Birth In The Battlefield

Birth In The Battlefield

Virago; (n) a strong, brave, or warlike woman; a woman who demonstrates exemplary and heroic qualities.

She hadn’t gone to war like her father. She hadn’t birthed a son on the battlefield like her grandmother and she had not raised a brother like her aunt. Yet she was a warrior, despite having blackened her mother by her sex she was a hero.

Surviving the marriage would have been no exemplary feat, all women did it. All women lived with their cheating husbands serving them so they’d keep their dignity in return. She however was a warrior, she fought, she fought through her broken marriage against her husband and against the gossiping women who hid their faces in the bonnets of their failed marriages.

They called her names, told her it was just a bad day, that her strength lies in her resilience, that staying quiet would save her home. She fought against it all, against the family that turned, against raised fingers that followed, and then against those who believed martyrdom was the answer to her suffering.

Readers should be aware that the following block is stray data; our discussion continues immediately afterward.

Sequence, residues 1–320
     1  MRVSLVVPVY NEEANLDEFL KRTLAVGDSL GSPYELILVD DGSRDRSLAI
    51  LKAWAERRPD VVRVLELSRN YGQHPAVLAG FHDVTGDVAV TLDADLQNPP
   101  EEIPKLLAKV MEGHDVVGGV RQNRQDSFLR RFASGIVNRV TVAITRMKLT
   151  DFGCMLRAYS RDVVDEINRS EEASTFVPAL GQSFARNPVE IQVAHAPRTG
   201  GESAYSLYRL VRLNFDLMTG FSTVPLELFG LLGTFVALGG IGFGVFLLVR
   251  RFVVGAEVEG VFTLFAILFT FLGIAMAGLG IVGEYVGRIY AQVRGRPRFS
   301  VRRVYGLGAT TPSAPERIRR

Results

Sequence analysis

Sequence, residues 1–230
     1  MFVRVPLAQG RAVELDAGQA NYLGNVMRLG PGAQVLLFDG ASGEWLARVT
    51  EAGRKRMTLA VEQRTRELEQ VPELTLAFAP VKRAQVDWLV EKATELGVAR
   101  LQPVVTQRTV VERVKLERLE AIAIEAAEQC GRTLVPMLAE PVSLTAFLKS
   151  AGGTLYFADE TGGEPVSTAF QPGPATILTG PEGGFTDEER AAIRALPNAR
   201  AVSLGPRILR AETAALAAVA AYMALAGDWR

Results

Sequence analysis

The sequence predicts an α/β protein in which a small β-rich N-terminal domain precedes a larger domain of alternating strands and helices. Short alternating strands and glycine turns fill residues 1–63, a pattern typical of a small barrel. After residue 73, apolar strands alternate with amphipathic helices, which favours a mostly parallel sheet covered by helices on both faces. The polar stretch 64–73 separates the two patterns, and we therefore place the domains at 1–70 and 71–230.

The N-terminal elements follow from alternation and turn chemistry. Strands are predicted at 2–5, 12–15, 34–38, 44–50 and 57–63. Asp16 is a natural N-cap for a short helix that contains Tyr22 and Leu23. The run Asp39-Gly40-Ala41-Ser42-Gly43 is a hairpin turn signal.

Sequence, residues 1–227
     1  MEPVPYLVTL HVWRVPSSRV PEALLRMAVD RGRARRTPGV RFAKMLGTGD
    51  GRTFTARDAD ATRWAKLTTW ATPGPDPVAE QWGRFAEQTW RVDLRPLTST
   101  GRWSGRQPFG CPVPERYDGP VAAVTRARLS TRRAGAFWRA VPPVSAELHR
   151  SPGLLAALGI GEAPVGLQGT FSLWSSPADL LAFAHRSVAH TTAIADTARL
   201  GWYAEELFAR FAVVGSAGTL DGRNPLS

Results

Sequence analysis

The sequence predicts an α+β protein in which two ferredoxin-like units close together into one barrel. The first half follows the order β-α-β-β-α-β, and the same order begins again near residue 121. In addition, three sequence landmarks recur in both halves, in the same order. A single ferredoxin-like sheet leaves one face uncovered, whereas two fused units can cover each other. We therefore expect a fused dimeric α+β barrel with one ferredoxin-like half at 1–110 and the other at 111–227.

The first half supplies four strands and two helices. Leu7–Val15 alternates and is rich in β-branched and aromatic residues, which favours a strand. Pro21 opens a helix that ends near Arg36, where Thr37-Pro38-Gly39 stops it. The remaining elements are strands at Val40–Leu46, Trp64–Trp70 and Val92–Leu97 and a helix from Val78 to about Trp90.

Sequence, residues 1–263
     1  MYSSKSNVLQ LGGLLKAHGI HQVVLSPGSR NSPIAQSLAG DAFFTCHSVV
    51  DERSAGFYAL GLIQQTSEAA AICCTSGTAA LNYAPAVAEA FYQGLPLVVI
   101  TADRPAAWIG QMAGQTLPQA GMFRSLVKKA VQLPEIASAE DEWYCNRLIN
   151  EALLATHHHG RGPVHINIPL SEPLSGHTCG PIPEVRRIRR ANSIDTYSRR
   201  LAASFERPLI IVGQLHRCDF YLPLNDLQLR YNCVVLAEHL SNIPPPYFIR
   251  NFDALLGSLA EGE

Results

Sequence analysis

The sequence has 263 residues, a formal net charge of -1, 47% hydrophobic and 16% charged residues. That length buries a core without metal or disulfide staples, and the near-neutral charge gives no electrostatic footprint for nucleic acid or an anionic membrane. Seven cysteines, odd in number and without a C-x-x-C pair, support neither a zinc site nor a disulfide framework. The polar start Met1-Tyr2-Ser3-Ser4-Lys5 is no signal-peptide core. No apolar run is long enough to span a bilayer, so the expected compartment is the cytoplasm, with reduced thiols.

It was a long war, with many battles. The world she lived in does not believe in supporting those of her sex. They would rather have lived with biased cultures and painful traditions, even if they hurt everyone involved. They took pride in suffering, that was their only wrong. Cold and hostile attitudes weren’t foreign to her, unsolicited advice on how to keep her marriage bed warm was offered even by those whose arms were covered in bruises of their own ‘love’. Yet she fought. If they thought she was not strong enough to bear the pain, they were wrong. She could have lived through it all with a smile, but she knew she should not have to, there was no reason to suffer the way she did and that mattered. Because unlike her grandmother she had birthed a daughter on the battlefield and that made all the difference.